The second point made in this proverb deals with the pain of honesty and how good it can be for us. It can hurt when someone tells you, “You sing horribly!” Well, not so much for me because I already know that. But you get the picture. When someone tells you in such a point blank manner or preferably in a more caring way a truth that you need to hear that is for your benefit. Sometimes it is an honest remark about something we said or how we acted that we know was not right. We need to be called out from time to time over our words and actions. This is what the Bible calls a rebuke, a correction of what we do and say.

One of the honest expressions this passage speaks of is anger. Anger can be cruel, to the one who is angry as well as the one at which the anger is directed. But a sudden outburst of anger may allow us to clear the air. It can move us into a place of reconciliation and forgiveness so that healing can begin. The point is that open and honest communication is not always nice and polite. Sometimes it is not possible to be honest in a demure, quiet way. There are times when honesty hurts. Actually, most of the time honesty hurts. But can we truly grow and mature if everyone around us is sugar-coating and shielding us from the reality of a situation?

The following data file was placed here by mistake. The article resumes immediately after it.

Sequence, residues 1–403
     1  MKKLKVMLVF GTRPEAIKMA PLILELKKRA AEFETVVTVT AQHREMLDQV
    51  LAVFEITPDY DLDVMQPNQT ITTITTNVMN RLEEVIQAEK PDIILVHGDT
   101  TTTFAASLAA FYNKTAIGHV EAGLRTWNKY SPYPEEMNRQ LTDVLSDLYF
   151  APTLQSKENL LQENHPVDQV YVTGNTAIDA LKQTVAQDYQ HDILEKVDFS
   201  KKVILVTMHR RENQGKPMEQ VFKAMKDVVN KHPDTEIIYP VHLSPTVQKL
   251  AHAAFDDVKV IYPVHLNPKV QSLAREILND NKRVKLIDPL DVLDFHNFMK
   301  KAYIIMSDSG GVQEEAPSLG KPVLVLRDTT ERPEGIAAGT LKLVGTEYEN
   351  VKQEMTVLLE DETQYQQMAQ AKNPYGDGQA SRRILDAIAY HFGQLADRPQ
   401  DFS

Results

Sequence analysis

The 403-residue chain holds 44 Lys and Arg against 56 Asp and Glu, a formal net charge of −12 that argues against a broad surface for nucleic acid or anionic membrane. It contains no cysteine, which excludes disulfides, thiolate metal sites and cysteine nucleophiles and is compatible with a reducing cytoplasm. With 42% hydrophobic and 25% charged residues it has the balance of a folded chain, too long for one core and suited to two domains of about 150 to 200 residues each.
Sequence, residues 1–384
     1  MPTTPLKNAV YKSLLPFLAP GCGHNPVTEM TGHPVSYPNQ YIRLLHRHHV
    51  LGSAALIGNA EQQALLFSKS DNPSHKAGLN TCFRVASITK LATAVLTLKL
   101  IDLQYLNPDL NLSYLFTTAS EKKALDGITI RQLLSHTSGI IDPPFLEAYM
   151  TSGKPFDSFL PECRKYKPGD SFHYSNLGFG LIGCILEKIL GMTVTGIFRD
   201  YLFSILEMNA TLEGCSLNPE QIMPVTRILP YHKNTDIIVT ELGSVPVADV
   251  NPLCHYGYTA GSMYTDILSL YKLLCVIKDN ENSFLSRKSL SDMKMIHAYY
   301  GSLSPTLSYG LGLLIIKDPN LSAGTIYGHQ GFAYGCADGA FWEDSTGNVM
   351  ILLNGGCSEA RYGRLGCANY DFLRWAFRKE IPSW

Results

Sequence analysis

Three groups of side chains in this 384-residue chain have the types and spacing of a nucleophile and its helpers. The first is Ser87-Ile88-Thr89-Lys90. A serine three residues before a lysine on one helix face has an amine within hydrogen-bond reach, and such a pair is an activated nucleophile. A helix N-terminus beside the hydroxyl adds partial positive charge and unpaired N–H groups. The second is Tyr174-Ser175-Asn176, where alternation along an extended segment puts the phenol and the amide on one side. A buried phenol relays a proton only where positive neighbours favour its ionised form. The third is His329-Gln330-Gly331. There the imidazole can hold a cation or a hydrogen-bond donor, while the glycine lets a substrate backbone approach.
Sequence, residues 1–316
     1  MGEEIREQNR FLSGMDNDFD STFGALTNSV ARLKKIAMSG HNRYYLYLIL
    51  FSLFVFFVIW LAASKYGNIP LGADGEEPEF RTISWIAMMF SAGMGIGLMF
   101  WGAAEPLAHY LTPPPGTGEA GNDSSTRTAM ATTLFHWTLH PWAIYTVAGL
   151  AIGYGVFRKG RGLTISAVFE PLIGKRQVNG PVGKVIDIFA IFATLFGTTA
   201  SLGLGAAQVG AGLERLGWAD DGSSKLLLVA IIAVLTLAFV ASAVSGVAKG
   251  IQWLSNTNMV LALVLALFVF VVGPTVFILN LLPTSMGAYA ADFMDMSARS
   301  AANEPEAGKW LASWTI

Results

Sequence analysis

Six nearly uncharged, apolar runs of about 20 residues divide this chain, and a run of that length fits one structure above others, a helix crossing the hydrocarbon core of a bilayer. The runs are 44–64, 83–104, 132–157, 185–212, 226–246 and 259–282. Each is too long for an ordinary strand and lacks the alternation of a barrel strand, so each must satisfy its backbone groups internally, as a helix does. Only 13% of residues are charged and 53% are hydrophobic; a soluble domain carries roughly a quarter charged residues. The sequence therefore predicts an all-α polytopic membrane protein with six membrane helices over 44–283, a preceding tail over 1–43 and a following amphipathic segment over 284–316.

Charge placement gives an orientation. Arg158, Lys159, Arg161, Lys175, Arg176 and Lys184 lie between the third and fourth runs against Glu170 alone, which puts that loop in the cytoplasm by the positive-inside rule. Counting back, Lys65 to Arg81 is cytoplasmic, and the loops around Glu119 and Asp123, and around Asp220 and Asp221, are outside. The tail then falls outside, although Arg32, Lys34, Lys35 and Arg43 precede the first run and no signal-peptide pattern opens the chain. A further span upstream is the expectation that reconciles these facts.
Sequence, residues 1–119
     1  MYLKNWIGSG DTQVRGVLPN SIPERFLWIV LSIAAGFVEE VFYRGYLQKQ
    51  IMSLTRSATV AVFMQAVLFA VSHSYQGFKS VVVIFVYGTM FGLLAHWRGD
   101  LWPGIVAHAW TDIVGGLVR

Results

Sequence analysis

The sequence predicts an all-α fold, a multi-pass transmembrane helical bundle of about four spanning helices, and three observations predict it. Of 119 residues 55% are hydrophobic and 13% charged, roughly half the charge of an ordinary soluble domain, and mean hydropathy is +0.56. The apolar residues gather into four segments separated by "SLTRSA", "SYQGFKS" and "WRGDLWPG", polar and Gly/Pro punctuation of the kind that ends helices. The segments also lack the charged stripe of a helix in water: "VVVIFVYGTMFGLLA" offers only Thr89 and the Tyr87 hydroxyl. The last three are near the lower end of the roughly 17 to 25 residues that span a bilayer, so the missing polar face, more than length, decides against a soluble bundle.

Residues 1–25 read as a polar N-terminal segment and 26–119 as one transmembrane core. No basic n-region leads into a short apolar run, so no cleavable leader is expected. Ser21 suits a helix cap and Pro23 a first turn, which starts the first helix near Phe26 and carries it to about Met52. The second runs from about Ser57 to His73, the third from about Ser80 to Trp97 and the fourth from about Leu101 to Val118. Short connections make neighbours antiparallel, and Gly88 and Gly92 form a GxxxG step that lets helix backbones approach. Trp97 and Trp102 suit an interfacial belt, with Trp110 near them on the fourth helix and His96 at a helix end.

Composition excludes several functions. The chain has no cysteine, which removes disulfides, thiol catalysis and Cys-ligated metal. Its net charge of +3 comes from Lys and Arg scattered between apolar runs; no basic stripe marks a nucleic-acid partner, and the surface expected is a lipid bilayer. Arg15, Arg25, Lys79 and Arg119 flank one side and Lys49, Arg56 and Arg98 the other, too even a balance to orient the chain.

The third and final point I took from this proverb goes hand-in-hand with honest communication, burying things away. I mentioned the point of anger and the author continues by asking the rhetorical question, “Who can stand before jealousy?” Jealousy, envy, and the like are like smoldering embers. The heat is held inside, never dying down and ready in an instant to ignite at the first opportunity. They are not easily vented or burned out. While anger may subside soon after being released, jealousy and envy grow stronger the longer they are held. They feed off of our relationships, slowly burning them away to nothing. Be careful of what you hold inside for this is the very reason we have the expression, burning bridges.

There is so much more within this wonderful passage that we could have covered. The significance of being in this moment and trusting God for what may come as well as the importance of relationships is what really stuck out to me. So remember, not only do we owe God but many others for all that we are capable of. Honesty hurts but, when coupled with compassion, is helpful. And finally, be careful what you hold hidden inside for it can destroy your relationships and do great harm to you as well. We were created to be in relationship with God. Our Savior, Jesus, spoke of how vital our relationships are. He simplified the incredibly convoluted system of 613 laws that man had in place to two – love the LORD your God with all your heart and with all your soul and with all your mind; and your neighbor as yourself. The heart of these is relationships. Never forget that.

To be continued…

Jeff Ransom

Birds of a Feather Will Flock Together

Proverbs 22

Proverbs 22 24 25